An effective gastroparesis management plan has (at least) three components: medical, dietary and lifestyle. While most GPers pay a great deal of attention to the first two, I’ve found that lifestyle modifications — including the importance of physical activity — are often underestimated or ignored altogether.
Since yesterday was National Start Walking Day, I thought I’d take some time to talk about why I consider walking to be one of the best tools we have for managing gastroparesis. (I’m actually writing this post while on the treadmill, thanks to my handy SurfShelf.)
Walking is one of the cheapest, easiest and most versatile forms of exercise, which can lower blood pressure, boost immunity, and decrease your risk of all kinds of medical conditions, including heart disease, type-2 diabetes, breast cancer, and depression.
But for those with gastroparesis, there are more immediate benefits:
- Moderate exercise has been found to increase the rate of gastric emptying. (Strenuous exercise, however, actually slows gastric emptying.)
- Exercise can stimulate appetite.
- Studies have shown that consistent exercise increases energy levels, even among those with chronic medical conditions.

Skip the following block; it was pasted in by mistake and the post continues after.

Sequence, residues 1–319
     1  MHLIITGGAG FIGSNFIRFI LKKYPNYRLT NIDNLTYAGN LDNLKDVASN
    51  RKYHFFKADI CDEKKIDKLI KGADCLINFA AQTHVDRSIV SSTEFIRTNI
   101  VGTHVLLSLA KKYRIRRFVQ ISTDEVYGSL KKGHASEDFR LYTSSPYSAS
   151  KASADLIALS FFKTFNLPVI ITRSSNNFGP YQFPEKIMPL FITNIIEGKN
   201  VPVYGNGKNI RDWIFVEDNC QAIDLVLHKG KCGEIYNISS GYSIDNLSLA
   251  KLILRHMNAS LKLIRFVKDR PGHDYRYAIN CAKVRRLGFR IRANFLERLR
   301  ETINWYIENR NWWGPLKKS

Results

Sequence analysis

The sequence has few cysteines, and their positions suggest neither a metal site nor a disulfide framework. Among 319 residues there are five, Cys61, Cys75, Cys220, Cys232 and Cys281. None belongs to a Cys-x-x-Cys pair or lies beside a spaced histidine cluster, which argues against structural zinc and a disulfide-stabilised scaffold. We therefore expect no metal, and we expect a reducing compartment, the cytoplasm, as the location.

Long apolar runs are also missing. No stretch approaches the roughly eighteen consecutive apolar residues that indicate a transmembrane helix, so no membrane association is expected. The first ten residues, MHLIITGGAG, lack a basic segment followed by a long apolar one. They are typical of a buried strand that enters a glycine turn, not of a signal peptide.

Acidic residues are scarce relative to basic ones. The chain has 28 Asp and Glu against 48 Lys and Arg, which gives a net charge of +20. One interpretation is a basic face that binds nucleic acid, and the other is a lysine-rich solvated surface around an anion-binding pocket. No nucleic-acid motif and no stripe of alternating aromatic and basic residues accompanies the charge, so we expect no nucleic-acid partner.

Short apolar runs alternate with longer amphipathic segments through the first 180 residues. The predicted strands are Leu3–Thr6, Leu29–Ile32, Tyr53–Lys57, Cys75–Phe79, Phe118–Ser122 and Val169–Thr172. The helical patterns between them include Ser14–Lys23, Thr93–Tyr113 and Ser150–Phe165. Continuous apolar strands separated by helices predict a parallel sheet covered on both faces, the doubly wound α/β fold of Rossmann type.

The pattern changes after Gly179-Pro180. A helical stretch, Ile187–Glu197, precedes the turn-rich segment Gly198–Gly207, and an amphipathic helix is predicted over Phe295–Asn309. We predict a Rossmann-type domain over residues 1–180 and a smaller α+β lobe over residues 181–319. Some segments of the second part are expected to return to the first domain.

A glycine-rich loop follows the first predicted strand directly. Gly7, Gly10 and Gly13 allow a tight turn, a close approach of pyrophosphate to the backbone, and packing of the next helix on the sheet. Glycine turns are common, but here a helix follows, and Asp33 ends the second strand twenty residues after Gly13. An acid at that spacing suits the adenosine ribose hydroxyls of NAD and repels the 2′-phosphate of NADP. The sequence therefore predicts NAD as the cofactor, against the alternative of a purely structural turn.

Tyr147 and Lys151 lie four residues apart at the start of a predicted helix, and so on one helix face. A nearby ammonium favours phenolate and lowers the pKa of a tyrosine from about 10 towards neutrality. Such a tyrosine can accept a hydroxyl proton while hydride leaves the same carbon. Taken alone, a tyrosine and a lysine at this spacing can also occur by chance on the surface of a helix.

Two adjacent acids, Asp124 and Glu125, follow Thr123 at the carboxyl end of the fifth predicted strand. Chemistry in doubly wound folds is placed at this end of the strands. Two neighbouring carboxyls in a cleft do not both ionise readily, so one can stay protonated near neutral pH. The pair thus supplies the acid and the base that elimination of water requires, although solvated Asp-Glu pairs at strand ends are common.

- Exercise has been found to reduce anxiety up to 20% in patients with chronic medical conditions.
Some GPers worry that daily physical activity will exacerbate weight loss. Turns out moderate exercise (like walking) does not automatically lead to weight loss and, for the reasons listed above, may actually help people gain weight. Personally, I’ve found that I lose weight when I stop exercising completely.
How long and how often should you walk? You’ll need to find what works best for you. Many of my clients find that a short walk after each meal helps alleviate fullness and other symptoms. Others hit the treadmill for an hour each morning, saying it kickstarts their appetite and gives them more energy. If you’re currently sedentary, start small* — just a 10-15 minute walk after dinner, for example.
I typically walk twice a day for a total of four to six miles, depending on my symptoms and other commitments. Yes, it takes up a good chunk of time but I’ve found that my daily walks seem to make everything else I’m doing more effective. I’m able to eat more and feel better. Can’t beat that!
*Talk with your doctor before starting any exercise regimen.